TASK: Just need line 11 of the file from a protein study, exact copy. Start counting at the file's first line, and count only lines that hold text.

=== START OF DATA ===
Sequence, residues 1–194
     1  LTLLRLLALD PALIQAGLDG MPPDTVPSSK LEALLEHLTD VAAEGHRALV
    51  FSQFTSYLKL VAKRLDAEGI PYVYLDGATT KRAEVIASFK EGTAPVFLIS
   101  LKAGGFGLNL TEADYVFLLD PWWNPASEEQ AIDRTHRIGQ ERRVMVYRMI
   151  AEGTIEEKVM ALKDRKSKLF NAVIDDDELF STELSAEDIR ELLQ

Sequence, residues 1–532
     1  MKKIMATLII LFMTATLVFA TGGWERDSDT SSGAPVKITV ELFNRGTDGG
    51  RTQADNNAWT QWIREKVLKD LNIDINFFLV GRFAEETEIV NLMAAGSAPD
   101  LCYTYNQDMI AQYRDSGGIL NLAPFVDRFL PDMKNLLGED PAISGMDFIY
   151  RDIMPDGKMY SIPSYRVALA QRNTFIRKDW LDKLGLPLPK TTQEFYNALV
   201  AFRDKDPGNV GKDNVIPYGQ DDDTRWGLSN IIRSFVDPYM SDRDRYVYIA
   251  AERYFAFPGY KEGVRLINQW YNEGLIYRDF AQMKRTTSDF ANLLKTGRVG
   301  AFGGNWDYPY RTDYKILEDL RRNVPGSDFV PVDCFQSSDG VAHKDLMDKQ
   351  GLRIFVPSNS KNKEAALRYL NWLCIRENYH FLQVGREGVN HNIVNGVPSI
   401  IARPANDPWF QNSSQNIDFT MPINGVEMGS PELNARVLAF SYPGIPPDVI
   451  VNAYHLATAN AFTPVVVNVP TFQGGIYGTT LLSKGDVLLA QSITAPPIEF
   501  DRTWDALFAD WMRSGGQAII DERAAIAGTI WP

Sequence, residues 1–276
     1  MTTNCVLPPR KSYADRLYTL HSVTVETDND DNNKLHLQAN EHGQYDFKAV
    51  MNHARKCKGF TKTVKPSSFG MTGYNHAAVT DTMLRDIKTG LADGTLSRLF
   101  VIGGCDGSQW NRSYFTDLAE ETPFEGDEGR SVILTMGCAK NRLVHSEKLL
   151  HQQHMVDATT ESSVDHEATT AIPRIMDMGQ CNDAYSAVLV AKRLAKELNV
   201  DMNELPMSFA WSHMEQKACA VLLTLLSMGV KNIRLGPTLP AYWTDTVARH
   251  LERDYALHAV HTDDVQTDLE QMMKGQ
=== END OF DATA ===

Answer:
   201  AFRDKDPGNV GKDNVIPYGQ DDDTRWGLSN IIRSFVDPYM SDRDRYVYIA